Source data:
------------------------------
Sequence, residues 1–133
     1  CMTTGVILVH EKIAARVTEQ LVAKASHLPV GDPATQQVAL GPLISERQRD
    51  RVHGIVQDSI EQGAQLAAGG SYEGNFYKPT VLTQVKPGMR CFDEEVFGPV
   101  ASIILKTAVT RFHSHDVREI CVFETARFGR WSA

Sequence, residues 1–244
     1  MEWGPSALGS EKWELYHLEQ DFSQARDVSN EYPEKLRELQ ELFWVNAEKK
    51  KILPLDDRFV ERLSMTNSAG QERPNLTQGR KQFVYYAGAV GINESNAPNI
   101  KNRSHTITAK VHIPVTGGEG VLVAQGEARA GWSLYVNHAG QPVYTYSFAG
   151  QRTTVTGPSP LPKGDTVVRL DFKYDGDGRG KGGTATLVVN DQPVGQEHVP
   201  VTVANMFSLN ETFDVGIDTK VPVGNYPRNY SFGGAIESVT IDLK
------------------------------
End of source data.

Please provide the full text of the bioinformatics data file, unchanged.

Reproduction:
Sequence, residues 1–133
     1  CMTTGVILVH EKIAARVTEQ LVAKASHLPV GDPATQQVAL GPLISERQRD
    51  RVHGIVQDSI EQGAQLAAGG SYEGNFYKPT VLTQVKPGMR CFDEEVFGPV
   101  ASIILKTAVT RFHSHDVREI CVFETARFGR WSA

Sequence, residues 1–244
     1  MEWGPSALGS EKWELYHLEQ DFSQARDVSN EYPEKLRELQ ELFWVNAEKK
    51  KILPLDDRFV ERLSMTNSAG QERPNLTQGR KQFVYYAGAV GINESNAPNI
   101  KNRSHTITAK VHIPVTGGEG VLVAQGEARA GWSLYVNHAG QPVYTYSFAG
   151  QRTTVTGPSP LPKGDTVVRL DFKYDGDGRG KGGTATLVVN DQPVGQEHVP
   201  VTVANMFSLN ETFDVGIDTK VPVGNYPRNY SFGGAIESVT IDLK